The adult actors aren’t given the depth of character that young Frankie possesses but they all give weight to their performances. Emily Mortimer plays Lizzy as strong and protective but with a vulnerability that is never far from the surface. Gerard Butler, best known here in the US as the Phantom in the film, “Phantom of the Opera,” is reticent when he first arrives and completely taken aback when Frankie rushes up and hugs him hard. As the walls of his taciturnity crumble he is taken in by the honest love of the boy and his role-playing takes on new, caring dimensions.

Mary Riggins gives an amusing turn as Frankie’s chain-smoking grandma who thinks that Lizzy is wrong in deceiving her son but still goes along with the sham. (The actress also showed, here, an uncanny resemblance to American actress Brenda Vaccaro.) Sharon Small gives some depth to her small role as Marie, the catalyst who brings the principles together. (Small, in turn, bears a strong similarity to actress Pamela Reed, making me think that Glasgow may be a Mecca for underutilized American thespians.)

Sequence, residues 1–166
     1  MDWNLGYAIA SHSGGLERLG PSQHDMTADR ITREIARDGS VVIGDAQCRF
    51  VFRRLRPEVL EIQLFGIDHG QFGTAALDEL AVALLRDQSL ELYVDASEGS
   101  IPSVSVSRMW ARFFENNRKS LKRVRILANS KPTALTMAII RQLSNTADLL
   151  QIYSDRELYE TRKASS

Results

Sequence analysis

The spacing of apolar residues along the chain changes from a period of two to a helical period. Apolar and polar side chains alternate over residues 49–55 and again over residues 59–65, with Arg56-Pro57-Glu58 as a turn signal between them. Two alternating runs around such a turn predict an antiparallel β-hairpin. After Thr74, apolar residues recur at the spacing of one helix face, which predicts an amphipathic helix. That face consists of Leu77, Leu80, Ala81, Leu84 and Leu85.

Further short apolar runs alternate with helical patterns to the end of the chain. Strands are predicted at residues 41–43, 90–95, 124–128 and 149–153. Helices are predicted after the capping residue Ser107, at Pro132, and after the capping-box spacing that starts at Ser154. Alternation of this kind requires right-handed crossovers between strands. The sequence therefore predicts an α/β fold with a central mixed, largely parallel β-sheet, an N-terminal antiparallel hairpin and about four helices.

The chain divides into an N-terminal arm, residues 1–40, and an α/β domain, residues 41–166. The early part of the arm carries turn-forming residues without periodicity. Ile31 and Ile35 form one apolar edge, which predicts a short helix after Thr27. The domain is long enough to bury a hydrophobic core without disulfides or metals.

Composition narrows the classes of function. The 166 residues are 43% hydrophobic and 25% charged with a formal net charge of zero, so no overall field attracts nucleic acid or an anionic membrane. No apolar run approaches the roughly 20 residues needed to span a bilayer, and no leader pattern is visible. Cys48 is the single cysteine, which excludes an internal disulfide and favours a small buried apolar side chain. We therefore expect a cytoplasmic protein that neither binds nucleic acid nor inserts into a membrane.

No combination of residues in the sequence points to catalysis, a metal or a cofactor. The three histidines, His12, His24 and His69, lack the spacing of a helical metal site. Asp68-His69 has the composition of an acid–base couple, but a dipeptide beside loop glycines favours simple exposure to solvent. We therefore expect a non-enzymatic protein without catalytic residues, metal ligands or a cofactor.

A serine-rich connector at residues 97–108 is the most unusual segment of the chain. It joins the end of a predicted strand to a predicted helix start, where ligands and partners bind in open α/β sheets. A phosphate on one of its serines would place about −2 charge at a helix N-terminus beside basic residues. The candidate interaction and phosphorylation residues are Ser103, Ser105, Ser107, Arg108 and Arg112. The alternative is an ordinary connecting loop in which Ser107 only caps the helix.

Auerbach lends a deft directorial hand her first time out of the gate and also does a fine job as cinematographer. She captures the Glasgow environs in with crisp lensing and muted use of color that make it inviting. Techs, in general, belie the obviously small budget.

Dear Frankie” is a fresh faced film about hope and belief that stirs your heart without having it needlessly wrung out. Jack McElhone, in almost totally silent role, gives one of the best performances of the year thus far. I give it a B+.

Lizzie (Emily Mortimer, "Young Adam") has been on the run from her husband for over seven years, moving from place to place with her mother Nell (Brenda Vaccaro lookalike Mary Riggans) and nine year-old son.  Having found a place above a Glasgow fish and chips shop, Lizzie enrolls Frankie (Jack McElhone, "Young Adam"), who is deaf, into a new school and begins working at Marie's (Pamela Reed lookalike Sharon Small, "About a Boy") restaurant. Lizzie has created a fairy tale father for her son, a man who corresponds from a ship in letters that begin "Dear Frankie."